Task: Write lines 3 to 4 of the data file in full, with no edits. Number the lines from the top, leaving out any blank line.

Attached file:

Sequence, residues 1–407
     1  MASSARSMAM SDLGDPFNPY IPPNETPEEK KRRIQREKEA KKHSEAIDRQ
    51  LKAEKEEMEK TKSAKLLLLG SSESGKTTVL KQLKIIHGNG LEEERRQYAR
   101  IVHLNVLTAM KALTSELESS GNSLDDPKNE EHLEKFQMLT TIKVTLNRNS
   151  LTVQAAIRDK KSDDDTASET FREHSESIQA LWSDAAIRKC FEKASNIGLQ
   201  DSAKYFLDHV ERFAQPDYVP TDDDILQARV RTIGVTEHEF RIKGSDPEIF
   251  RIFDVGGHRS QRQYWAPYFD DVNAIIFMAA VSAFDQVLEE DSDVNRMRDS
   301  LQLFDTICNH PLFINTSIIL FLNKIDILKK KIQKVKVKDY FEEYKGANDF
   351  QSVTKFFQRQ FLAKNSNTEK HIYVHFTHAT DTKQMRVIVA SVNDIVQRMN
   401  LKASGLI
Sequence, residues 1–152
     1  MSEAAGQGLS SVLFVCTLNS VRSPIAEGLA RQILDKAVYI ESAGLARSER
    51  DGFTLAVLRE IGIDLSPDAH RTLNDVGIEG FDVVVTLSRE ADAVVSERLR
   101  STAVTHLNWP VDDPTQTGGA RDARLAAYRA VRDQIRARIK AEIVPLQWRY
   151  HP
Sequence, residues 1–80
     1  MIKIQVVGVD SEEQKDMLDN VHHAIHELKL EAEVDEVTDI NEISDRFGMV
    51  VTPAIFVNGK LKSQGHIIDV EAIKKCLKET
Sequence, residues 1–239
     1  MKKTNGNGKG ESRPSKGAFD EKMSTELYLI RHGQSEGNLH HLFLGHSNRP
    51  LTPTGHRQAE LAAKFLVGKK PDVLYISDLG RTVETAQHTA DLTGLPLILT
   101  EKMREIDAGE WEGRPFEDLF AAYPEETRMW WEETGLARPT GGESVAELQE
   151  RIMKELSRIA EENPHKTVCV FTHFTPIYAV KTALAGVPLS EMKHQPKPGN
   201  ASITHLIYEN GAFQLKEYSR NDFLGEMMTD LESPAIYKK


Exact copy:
    51  LKAEKEEMEK TKSAKLLLLG SSESGKTTVL KQLKIIHGNG LEEERRQYAR
   101  IVHLNVLTAM KALTSELESS GNSLDDPKNE EHLEKFQMLT TIKVTLNRNS